In the month since we published our 2016 report rating the financial transparency of 200 think tanks around the world, several think tanks have already moved their transparency forward or committed to greater financial disclosure in the near future.
The Centre for the Study of the Economies of Africa has become the first think tank in Nigeria to implement 5-star financial disclosure. CSEA was established in 2008 by Dr. Ngozi Okonjo-Iweala, a former Managing Director of the World Bank who also served two terms as Nigeria’s Minister of Finance. CSEA’s embrace of full transparency is important globally, regionally and nationally:
- Globally, because it once again demonstrates that weak national governance structures and fragile security environments do not preclude full disclosure of funding by policy relevant NGOs working in such environments;
- Regionally, because Nigeria as a country is a political, economic, demographic and intellectual heavyweight in anglophone Africa, so innovations and successes there reverberate far beyond its borders;
Nationally, because other think tanks in Nigeria now have a domestic institution modeling the gold standard for financial transparency, which raises the bar for all other players.
CSEA’s new funding page discloses all its donors, the precise amount received from each, and the purpose of each donation.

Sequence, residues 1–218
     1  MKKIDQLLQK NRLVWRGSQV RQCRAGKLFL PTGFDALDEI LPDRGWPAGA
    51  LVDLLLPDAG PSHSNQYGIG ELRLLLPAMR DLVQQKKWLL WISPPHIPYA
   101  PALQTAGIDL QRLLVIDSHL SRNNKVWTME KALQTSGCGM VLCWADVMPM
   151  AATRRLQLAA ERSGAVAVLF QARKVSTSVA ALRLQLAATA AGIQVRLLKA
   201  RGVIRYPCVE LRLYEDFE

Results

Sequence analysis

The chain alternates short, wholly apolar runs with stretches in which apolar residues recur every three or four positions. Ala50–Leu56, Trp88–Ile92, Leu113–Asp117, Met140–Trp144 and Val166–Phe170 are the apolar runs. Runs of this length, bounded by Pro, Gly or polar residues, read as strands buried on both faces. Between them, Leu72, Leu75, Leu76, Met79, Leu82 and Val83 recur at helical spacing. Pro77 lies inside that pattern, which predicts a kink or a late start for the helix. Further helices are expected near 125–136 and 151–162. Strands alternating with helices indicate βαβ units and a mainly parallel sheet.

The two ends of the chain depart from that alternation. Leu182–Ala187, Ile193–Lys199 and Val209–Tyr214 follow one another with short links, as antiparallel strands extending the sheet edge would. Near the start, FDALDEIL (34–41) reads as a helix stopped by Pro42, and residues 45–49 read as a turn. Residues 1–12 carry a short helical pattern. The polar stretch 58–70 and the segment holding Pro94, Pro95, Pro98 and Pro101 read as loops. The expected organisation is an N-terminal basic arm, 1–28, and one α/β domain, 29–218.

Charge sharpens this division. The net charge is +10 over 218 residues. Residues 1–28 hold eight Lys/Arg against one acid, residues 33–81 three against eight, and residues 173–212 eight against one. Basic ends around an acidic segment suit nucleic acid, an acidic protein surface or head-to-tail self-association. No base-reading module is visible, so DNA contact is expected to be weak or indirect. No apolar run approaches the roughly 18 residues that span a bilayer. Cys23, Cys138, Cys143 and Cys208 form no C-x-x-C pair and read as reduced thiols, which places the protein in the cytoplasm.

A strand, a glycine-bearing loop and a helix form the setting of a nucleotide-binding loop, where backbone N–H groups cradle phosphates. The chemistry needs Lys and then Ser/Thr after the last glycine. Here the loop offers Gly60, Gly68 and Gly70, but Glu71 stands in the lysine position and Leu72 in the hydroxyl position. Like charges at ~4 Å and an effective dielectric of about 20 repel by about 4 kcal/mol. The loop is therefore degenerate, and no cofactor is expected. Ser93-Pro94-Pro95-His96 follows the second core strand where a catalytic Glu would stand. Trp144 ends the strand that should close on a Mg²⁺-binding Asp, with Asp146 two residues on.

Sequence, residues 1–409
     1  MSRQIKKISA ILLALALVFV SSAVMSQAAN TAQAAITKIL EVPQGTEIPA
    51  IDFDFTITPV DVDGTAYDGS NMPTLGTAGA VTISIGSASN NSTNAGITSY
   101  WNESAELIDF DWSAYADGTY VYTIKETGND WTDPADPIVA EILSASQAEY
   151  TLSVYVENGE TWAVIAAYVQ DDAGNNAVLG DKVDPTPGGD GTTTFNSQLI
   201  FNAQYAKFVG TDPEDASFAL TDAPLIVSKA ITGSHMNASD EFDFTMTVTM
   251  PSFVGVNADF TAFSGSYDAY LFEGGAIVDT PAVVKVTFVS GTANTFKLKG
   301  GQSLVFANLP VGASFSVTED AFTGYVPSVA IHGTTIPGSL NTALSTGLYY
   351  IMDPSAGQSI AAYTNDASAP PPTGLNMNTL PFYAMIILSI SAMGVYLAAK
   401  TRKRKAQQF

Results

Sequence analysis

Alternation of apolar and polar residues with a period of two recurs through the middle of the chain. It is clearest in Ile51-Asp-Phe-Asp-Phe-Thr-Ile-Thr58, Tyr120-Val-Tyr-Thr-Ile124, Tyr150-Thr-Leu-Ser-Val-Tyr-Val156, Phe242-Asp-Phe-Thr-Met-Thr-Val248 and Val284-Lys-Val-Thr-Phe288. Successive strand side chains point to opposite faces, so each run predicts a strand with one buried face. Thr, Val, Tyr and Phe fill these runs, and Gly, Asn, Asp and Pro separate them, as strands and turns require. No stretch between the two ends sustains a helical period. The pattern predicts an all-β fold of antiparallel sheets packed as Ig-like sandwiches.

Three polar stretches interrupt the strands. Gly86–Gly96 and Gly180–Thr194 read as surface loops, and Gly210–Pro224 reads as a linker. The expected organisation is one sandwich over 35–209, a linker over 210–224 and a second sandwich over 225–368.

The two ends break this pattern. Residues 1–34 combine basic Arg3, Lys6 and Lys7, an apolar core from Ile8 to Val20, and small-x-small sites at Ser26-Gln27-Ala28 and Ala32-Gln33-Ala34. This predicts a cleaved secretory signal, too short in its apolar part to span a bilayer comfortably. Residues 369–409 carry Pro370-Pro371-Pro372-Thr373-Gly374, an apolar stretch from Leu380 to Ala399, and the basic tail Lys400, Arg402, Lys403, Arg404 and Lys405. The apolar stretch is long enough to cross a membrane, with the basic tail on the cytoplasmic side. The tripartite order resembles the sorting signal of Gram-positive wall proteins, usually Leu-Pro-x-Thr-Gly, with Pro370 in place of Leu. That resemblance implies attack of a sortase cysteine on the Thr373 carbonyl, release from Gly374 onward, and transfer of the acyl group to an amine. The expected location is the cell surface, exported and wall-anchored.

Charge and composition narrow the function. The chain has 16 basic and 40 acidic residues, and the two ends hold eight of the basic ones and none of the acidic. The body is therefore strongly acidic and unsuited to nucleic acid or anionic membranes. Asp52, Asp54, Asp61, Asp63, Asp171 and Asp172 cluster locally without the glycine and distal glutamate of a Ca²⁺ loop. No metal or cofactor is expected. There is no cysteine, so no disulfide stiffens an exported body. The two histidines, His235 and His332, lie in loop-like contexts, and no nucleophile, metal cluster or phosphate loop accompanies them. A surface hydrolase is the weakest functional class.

The Macedonian Center for European Training has become the third Macedonian think tank to achieve 5-star disclosure by uploading an annual report that includes extensive financial information to its website. The overall picture nationally in Macedonia remains mixed, with think tanks spanning the entire spectrum from highly transparent to highly opaque.
The Georgian Foundation for Strategic and International Studies has committed itself to achieving 5-star transparency by November 2016. GFSIS is one of the longest established and best known think tanks in Georgia, a country that emerged this year as the world leader in policy research transparency.
The Hudson Institute became a 4-star (broadly transparent) institution earlier this year, in the time period between our annual assessment and publication of the 2016 report. Their disclosure of additional information means that only four institutions in our United States sample still remain highly opaque: American Enterprise Institute, Earth Institute, Hoover Institution, and Open Society Foundations. A clear majority of large U.S. think tanks are now transparent.